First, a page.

Not long ago a friend of mine moved back from San Diego after being away for many years. Before leaving Buffalo he helped to bolster the progressive art and party scene in this city. It was a sad day when he packed up his bags and moved across the country. At the same time, it’s the best thing that could have happened to him, and to Buffalo. While in San Diego, he helped to create the cocktail movement there. In fact, he helped to found the San Diego chapter of the Bartender’s Guild. Essentially he had a hand in putting San Diego on the map as a craft cocktail mecca.
Eventually Tim married a gal by the name of Morgan, who shared Tim’s passion for great drinks, food and company. After making a few trips back to Buffalo to visit friends and family, the two decided that it was time to call this city “home”. It was also decided that they were going to create something incredible here – something that Buffalo has never seen. I truly believe that that is what they have accomplished.
Tim and Morgan have opened a cocktail pub called Ballyhoo, in the Cobblestone District. They have completely altered and upgraded what was once known as The Malamute. To walk inside Ballyhoo is to immediately feel welcome and comfortable, whether you know the owners or not. From the interesting choices in lighting to the prohibition-era style decor, Ballyhoo is somehow refreshing in a “it’s been around for a long time” kind of way. I suppose what I like most about the place is that it’s authentic. There are no beer signs or other breweriana hanging on the walls to hype the place up with gobs of memorabilia. Instead the focus is on the booze.
Some of the bottles are kept behind lock and key, but you can see them suggestively hinting to you through heavy wire mesh. Other bottles are displayed front and center, as if to say, “You’ll get to those other guys soon enough – Tim placed us here because he wants you to ask about us.”
If you ask Tim about any of his family of liquor bottles, he will not just tell you what’s on the surface, he will delve into the history of a particular liquor – and how the modern day selection came to be. He’ll tell you all of this, as if he was talking about a son or a daughter. I have never met anyone as passionate or as knowledgeable as this guy when it comes to liquor. He lives the industry – it’s in his veins, literally and figuratively. And it shows at Ballyhoo. From the Japanese whiskeys to jam drinks, there is a new world of tastes and flavors waiting for you, right down to the exotic cherries that taste like sumptuous candy (you must try!). “Jam drinks might sound trendy,” Tim told me. “But they have been around as long as berries have been growing and alcohol has been distilling. It’s all about respecting the product. We’re here to introduce customers to the taste of the liquor, not to [bastardize] it.”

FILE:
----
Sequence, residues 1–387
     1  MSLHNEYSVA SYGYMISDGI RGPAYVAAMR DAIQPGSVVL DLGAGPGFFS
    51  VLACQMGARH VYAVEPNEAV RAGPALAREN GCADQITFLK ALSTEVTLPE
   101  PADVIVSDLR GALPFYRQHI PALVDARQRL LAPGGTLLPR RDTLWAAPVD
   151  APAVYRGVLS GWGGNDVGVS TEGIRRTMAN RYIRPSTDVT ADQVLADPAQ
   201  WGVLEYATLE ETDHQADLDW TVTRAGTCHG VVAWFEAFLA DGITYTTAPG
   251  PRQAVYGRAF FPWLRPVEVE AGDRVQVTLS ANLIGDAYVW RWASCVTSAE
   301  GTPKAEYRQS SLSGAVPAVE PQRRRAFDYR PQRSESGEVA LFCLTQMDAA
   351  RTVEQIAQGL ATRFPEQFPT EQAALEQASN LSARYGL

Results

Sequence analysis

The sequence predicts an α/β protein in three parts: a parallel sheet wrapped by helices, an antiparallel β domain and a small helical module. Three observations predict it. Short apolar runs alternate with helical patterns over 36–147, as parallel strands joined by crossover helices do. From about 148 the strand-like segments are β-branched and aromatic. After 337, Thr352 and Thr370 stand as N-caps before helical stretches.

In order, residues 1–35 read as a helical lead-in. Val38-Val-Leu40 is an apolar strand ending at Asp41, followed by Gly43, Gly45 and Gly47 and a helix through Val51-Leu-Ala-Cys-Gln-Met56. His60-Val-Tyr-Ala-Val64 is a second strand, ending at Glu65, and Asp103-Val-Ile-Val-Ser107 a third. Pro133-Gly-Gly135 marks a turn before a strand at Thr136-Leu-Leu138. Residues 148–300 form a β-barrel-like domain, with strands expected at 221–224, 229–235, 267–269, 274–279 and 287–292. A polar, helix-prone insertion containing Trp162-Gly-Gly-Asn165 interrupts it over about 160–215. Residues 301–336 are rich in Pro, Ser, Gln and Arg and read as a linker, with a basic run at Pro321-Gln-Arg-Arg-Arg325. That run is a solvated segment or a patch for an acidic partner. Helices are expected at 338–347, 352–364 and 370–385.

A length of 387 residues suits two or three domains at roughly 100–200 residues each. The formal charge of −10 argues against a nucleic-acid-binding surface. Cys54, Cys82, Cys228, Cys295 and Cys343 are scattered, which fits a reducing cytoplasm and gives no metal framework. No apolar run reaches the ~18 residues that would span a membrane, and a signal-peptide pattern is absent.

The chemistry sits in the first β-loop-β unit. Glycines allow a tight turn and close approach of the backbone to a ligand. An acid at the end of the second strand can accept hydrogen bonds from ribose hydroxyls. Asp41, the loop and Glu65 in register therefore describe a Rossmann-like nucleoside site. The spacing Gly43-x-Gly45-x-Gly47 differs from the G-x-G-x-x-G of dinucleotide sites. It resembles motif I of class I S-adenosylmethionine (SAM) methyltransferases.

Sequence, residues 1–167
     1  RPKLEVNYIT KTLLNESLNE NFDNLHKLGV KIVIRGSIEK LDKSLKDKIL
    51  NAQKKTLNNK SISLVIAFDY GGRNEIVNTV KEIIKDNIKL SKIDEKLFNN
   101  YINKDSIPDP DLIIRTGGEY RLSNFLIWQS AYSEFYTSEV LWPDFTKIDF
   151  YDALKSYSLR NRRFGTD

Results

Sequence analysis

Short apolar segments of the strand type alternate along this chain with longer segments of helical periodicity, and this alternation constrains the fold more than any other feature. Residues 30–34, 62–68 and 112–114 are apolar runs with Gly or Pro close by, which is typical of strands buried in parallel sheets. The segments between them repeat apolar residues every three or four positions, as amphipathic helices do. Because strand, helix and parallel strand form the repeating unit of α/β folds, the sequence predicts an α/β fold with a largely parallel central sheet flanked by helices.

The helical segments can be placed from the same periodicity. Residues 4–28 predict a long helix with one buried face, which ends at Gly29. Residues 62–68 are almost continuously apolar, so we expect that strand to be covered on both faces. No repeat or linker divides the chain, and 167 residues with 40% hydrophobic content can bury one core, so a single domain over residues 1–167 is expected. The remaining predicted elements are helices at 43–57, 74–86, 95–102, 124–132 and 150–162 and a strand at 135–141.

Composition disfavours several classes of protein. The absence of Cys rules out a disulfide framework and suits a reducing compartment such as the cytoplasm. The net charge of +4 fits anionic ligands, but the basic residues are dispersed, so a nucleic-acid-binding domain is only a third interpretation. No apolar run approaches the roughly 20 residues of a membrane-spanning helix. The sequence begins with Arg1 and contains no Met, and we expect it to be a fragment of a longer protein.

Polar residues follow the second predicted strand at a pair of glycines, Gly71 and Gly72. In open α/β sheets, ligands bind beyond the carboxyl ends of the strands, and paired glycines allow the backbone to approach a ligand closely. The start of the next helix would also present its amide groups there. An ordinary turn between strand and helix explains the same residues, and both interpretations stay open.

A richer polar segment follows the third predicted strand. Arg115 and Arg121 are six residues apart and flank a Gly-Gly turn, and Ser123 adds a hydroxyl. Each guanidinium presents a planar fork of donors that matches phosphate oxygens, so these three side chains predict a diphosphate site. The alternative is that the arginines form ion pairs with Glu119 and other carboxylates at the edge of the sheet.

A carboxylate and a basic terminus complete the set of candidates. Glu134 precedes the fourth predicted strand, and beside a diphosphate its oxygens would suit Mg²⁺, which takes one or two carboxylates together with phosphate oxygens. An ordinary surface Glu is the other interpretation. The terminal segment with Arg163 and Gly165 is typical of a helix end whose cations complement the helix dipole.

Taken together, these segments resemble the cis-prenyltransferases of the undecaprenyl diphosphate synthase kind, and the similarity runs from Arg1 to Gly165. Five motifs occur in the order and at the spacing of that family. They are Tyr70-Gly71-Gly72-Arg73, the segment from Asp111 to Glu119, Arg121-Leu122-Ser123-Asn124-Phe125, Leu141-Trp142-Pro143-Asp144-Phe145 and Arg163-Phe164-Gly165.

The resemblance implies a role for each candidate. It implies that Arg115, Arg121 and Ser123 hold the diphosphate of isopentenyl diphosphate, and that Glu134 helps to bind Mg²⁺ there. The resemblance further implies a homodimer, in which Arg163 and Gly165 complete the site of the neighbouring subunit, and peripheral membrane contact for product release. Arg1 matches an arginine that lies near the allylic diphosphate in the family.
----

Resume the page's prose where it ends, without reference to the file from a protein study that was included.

It’s not that you can’t find a PBR at Ballyhoo, it’s just that you will be remiss to not try the super limited Sculpin Grapefruit IPA, brewed by Ballast Point in San Diego. Or a Nikka 12-year for that matter.
The underlying concept at Ballyhoo is the “common thread”, Tim stated several times. You can see it in the people, the drinks and the food.
Speaking of the food, you’re not going to believe what Chef Nathan Root (a San Diego native that Tim found living in Buffalo) has concocted. He has put together a medley of sausage hoagies that are like nothing that you have ever eaten. The “Short Round” (Korean short rib, kimchi, sambal, pickled veggies) is to die for. Nathan’s butcher of choice, JH Dodman, is located a mere 200 yards away from the restaurant The meat is brought in-house, ground, seasoned, linked, and served at the bar with old bay seasoned chips (some of the best chips in the city). The sausage melts in your mouth. The chips get gobbled up. The soup (actually a chili) is bar none the best in Buffalo (that I have tried). The side of flavorful pasta adds a perfect fulfilling balance to the meal. Tim’s mom is even in on the action – she makes the Nancy’s Ice Cream Sandwich!
In the end all you want to do is try some more… more drinks, more food, more of anything that these guys want to throw your way.
Ballyhoo also features some killer craft beers, a couple of which are so hard to find that you have to know someone in the industry to get them. “It also helps to know some stewardesses – they can work wonders for you,” Tim confided in me. “We used every trick in the book. We’re going to be flying bartenders in from all over the country (part of the Guild), who will be bringing their own knowledge and flare here. It’s a whole different take on “guest bar tending”.
I didn’t know exactly what to expect from Ballyhoo (a word that his grandmother used to shout at him – “What’s all this ballyhoo about?). I assumed that Tim had some tricks up his sleeve, but this simple and honest concept blew me out of the water. It was as if they took all of the great drink and food menus, stripped them down, deconstructed them, paired them together and called it a day. It looks so simple on the surface, but to pull it off successfully is extremely difficult. Tim has now been in the industry for 22 years. He has had a hand in bringing back the craft cocktail movement, but not in a way that you would expect. It’s more about getting down to basics – the way an experienced sushi chef can extract the flavors of the fish by simply understanding what it is and how it works.
When I last saw Tim at Ballyhoo, he tapped me on the shoulder and said, “Good night, I’m outta here.” Fifteen minutes later he was serving me a “Last Word” at the bar. I said, “I thought that you were going home.” He replied, “I am home.” In the end, Tim won’t just have the last word, he’ll serve you the “Last Word”, and you’ll love every minute of it.